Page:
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The 100-Year Life

Last year, The Guardian’s Amelia Hill explored the world of longevity research and found that living to 100 will soon become “a routine fact of life.”

Centenarians, even supercentenarians—those living to at least 110—are being studied across the globe to understand what contributes to their remarkably long lives. The verified longest-lived person in the world was Jeanne Calment of France, who was 122 years, 164 days old when she died in 1997. Longevity researchers predict that someone may soon break this record.

With advances in technology assisting how our bodies function, along with support for daily living activities that help to maintain quality of life, the population of supercentenarians seems to be on the rise. Some research predicts that more than half the babies born in wealthy countries since 2000 will live to 100.

While many studies on human lifespan point to a natural upper limit of 125 years, some scientists— perhaps those with a sci-fi bent— predict that vastly longer lives are possible. These prognosticators look to the use of stem cells and genetic manipulation techniques as major contributors in the search for the fountain of youth.

For now, scientists focus on lifestyle factors to maximize your healthy lifespan—with “healthy” being the key focus. As you’ve heard over and over, diet and exercise are the keys to healthy aging. Add to that the need for restful sleep, social engagement and maintaining activities that bring meaning into your life.

Research consistently points to intermittent fasting or calorie restriction as slowing down the aging process. Easier said than done! However, studies show that drugs such as metformin, which increases insulin sensitivity, and Acarbose, which alters how carbohydrates are digested (both used to treat type 2 diabetes), may mimic calorie restriction without the restriction. Other promising contenders of FDA-approved drugs that may slow the aging process include rapamycin, used to prevent organ rejection in transplant patients. These drugs may reduce cancer, diminish heart disease, improve cognition and other age-related conditions; they may very well become routine prescriptions for general wellness in the future.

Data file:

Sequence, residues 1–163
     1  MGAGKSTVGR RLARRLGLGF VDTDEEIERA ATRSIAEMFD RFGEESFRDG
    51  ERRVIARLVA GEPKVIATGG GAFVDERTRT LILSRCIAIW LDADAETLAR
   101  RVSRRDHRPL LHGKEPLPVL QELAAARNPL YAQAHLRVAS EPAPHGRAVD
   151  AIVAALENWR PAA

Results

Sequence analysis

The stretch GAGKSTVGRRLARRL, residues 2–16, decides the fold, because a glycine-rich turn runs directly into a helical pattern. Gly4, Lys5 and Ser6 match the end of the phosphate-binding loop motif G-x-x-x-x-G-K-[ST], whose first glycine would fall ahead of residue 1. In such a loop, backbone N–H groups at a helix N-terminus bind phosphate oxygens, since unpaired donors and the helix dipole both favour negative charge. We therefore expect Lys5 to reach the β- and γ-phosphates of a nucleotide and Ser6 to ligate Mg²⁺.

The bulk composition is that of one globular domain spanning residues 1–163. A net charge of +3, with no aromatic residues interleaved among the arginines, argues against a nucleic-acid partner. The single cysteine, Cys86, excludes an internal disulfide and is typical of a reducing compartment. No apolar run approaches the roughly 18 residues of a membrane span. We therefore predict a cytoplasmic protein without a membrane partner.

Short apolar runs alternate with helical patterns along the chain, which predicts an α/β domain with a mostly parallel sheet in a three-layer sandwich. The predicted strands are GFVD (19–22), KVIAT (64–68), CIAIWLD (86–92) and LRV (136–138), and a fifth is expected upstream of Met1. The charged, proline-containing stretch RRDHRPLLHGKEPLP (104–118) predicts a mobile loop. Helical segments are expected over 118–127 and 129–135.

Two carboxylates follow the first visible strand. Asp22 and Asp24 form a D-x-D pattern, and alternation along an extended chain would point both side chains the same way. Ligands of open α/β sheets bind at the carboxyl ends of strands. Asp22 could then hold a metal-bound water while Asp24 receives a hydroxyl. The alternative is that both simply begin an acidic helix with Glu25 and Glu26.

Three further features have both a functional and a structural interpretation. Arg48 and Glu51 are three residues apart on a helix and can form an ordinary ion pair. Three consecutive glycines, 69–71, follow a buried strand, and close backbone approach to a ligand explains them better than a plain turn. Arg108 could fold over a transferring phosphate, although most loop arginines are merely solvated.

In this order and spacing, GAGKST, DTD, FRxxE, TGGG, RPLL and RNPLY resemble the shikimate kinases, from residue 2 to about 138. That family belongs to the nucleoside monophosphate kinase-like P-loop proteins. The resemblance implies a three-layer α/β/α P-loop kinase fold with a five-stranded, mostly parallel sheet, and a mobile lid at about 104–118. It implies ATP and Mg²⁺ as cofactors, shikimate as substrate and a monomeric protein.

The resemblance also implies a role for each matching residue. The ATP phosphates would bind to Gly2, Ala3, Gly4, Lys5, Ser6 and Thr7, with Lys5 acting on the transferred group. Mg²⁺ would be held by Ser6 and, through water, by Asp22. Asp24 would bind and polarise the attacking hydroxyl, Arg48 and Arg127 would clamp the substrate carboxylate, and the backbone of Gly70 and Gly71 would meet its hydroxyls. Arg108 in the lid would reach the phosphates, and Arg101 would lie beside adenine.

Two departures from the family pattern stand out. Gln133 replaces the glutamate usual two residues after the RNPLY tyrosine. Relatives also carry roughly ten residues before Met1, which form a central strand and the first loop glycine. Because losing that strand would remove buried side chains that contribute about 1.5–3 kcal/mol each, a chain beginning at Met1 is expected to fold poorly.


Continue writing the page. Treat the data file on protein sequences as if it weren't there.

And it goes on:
Reading through the headlines of Longevity news this past year shows several articles discussing the vital roles of diet and exercise in healthy aging. But these headlines will also reveal advice such as maintaining optimum levels of vitamin D, taking probiotics and eating more mushrooms (they fight inflammation, boost the immune system, support brain health and help maintain blood sugar levels, among other benefits). One article stresses the importance of adding the “master antioxidant”—glutathione, which declines with age—to your diet. You can boost glutathione by eating certain foods in their raw, unprocessed form: fruits such as melons, lemons, bananas, grapefruit, peaches mangoes and strawberries; vegetables such as asparagus, cucumbers, bell peppers, cauliflower, garlic and spinach; eggs and whey protein. Minimize your exposure to pollution and synthetic cleaning agents since they can reduce your body’s levels of glutathione.

Another line of research points to the use of hyperbaric oxygen therapy for treating age-related diseases, and possibly even reversing the aging process itself. A study from Tel Aviv University showing the potential for aging-reversal was published in the journal Aging in November 2020. The scientists associated with the study point to the need for further research on this promising front.

Interestingly, Northwest Prime Time’s article on alternatives to opioids for pain management point to many of the same factors— notably exercise and a healthy diet—as do longevity studies. Following the tried-and-true-advice of grandmothers of old will not only help you to manage chronic pain but will assist you in your goal of achieving long-lived health.

In the words of Star Trek’s Spock, live long and prosper.